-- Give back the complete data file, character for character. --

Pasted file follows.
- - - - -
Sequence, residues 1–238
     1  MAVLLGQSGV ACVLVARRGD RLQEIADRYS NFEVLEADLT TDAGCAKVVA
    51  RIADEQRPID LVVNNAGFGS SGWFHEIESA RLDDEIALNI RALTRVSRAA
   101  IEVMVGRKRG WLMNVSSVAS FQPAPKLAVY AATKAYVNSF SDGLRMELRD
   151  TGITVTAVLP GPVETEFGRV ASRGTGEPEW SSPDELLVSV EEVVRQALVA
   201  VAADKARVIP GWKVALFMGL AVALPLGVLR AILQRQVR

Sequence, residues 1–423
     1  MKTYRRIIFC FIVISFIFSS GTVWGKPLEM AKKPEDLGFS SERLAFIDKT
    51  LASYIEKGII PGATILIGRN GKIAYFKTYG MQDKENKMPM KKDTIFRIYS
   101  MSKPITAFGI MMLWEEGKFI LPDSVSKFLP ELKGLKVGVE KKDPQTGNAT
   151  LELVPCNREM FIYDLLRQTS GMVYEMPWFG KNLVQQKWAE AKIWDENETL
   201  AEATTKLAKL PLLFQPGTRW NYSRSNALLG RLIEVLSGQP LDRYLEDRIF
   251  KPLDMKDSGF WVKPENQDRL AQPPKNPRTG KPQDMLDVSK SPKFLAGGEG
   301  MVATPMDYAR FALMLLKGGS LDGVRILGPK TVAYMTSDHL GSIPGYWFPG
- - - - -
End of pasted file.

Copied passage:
Sequence, residues 1–238
     1  MAVLLGQSGV ACVLVARRGD RLQEIADRYS NFEVLEADLT TDAGCAKVVA
    51  RIADEQRPID LVVNNAGFGS SGWFHEIESA RLDDEIALNI RALTRVSRAA
   101  IEVMVGRKRG WLMNVSSVAS FQPAPKLAVY AATKAYVNSF SDGLRMELRD
   151  TGITVTAVLP GPVETEFGRV ASRGTGEPEW SSPDELLVSV EEVVRQALVA
   201  VAADKARVIP GWKVALFMGL AVALPLGVLR AILQRQVR

Sequence, residues 1–423
     1  MKTYRRIIFC FIVISFIFSS GTVWGKPLEM AKKPEDLGFS SERLAFIDKT
    51  LASYIEKGII PGATILIGRN GKIAYFKTYG MQDKENKMPM KKDTIFRIYS
   101  MSKPITAFGI MMLWEEGKFI LPDSVSKFLP ELKGLKVGVE KKDPQTGNAT
   151  LELVPCNREM FIYDLLRQTS GMVYEMPWFG KNLVQQKWAE AKIWDENETL
   201  AEATTKLAKL PLLFQPGTRW NYSRSNALLG RLIEVLSGQP LDRYLEDRIF
   251  KPLDMKDSGF WVKPENQDRL AQPPKNPRTG KPQDMLDVSK SPKFLAGGEG
   301  MVATPMDYAR FALMLLKGGS LDGVRILGPK TVAYMTSDHL GSIPGYWFPG